It was no fun to watch Acting IRS head Steve Miller testify before the House Ways and Means Committee last week. Miller simply had no real explanation for the troubling actions at IRS.
Even his terminology induced cringes. Miller’s mea culpa was for “horrific customer service.”
Customer service? That’s a stretch.
A customer holds a position of honor in a free society. Businesses spend billions on advertising — just to gain our favor. We have the power to make a business succeed or fail according to our decisions.
We don’t have to be well connected or part of the political or social elite to share this power. The most ordinary of customers can have a powerful impact. When I was a kid, customers in my state helped build a small business, Wal-Mart, into the envy of the retail world. In 1956, ordinary bus riders in Montgomery, Alabama, used their “buying power” to help change the world.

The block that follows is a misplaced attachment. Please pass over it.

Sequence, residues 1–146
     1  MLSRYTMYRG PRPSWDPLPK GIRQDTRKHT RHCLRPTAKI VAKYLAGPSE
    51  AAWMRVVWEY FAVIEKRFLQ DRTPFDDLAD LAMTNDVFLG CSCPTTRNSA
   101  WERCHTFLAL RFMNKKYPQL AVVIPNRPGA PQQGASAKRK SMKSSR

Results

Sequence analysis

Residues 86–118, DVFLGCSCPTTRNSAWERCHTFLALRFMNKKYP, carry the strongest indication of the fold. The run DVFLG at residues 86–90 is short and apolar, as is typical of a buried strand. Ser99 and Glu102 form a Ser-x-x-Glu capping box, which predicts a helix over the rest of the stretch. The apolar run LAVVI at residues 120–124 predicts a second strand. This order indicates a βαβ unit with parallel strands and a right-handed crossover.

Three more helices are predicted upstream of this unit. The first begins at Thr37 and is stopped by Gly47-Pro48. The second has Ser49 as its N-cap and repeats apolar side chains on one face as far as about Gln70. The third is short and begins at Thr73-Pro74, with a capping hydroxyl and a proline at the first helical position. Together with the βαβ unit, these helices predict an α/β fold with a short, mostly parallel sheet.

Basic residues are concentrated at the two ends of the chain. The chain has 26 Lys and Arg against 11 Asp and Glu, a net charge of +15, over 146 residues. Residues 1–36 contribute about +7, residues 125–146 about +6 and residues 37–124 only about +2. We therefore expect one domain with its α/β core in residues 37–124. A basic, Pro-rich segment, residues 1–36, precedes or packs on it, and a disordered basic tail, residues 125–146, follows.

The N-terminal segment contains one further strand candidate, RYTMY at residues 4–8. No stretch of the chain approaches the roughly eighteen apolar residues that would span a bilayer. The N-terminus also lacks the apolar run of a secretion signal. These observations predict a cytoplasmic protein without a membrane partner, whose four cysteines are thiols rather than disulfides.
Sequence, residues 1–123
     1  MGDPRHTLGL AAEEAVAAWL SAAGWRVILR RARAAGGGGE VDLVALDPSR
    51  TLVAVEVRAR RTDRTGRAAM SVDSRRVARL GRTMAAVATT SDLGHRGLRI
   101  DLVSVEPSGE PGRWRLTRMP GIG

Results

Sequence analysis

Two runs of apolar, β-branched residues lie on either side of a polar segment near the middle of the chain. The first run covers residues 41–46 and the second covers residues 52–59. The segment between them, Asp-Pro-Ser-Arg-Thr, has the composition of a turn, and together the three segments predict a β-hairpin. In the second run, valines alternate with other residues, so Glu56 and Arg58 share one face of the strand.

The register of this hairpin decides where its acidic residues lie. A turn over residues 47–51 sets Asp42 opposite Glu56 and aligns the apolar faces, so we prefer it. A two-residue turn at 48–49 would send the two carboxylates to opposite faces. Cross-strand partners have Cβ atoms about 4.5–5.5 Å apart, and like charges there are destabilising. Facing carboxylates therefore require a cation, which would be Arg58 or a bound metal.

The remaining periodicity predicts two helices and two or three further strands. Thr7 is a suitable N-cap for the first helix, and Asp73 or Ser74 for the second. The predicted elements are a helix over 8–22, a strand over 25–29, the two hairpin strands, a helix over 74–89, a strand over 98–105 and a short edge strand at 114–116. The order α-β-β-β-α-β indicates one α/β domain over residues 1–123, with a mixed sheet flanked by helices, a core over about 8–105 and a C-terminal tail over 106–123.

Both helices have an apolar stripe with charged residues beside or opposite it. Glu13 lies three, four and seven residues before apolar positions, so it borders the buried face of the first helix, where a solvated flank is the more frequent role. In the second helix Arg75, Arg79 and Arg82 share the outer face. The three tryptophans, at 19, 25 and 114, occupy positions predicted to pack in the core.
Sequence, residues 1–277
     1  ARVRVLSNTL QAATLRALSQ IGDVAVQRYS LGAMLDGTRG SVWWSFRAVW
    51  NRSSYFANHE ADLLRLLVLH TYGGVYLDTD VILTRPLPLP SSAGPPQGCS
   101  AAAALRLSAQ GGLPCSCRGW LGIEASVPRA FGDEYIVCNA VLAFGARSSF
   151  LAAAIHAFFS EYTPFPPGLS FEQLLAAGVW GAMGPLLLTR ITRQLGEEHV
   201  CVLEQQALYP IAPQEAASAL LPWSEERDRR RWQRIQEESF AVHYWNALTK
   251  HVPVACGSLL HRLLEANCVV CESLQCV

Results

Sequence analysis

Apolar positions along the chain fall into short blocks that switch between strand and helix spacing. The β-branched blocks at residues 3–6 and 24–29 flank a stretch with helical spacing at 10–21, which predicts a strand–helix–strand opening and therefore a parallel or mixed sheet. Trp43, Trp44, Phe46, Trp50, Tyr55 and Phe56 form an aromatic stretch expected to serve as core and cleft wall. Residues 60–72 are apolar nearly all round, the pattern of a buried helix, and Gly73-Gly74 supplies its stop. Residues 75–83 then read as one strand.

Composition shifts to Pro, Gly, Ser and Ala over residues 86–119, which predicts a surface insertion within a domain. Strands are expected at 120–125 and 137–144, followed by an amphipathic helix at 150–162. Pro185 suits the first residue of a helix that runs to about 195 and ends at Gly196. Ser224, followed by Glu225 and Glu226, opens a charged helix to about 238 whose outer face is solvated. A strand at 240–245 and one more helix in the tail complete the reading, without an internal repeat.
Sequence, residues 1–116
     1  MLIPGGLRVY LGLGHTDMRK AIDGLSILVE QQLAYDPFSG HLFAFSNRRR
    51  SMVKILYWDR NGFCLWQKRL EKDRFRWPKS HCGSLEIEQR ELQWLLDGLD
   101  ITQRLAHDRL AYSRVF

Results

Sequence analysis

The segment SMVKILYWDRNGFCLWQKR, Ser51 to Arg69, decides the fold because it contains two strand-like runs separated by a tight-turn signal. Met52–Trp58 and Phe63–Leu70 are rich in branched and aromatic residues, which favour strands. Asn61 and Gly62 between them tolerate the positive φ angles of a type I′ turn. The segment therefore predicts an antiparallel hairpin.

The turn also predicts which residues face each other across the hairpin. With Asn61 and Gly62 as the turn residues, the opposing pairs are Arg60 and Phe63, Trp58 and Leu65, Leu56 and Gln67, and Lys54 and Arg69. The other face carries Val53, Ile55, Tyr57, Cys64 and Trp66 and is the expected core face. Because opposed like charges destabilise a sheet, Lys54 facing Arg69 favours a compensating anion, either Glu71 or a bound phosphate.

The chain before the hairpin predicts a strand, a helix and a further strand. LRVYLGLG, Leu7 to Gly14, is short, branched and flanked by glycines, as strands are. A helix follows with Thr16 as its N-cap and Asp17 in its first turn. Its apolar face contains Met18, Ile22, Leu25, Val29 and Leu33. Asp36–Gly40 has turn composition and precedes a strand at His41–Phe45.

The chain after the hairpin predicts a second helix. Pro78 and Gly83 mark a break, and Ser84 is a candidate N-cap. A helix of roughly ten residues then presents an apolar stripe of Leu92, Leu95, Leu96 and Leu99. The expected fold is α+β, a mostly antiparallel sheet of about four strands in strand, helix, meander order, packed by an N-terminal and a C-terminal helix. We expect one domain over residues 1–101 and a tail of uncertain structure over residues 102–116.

As customers, we make demands. We make sure we’re satisfied. Sometimes we negotiate price; when no negotiation is possible and we don’t like the deal, we walk away. We have a choice. We decide.
Does this same type of empowerment exist when dealing with folks at the IRS?
Not so much. They tell us the price. We submit or go to jail. That’s no customer.
Cowering serf might sadly serve as the more apt moniker.
As the IRS grows bigger and more intrusive each year, and as its agents shake us down for ever larger sums, we should at least be able to keep the word “customer” away from them.
This is Common Sense. I’m Paul Jacob.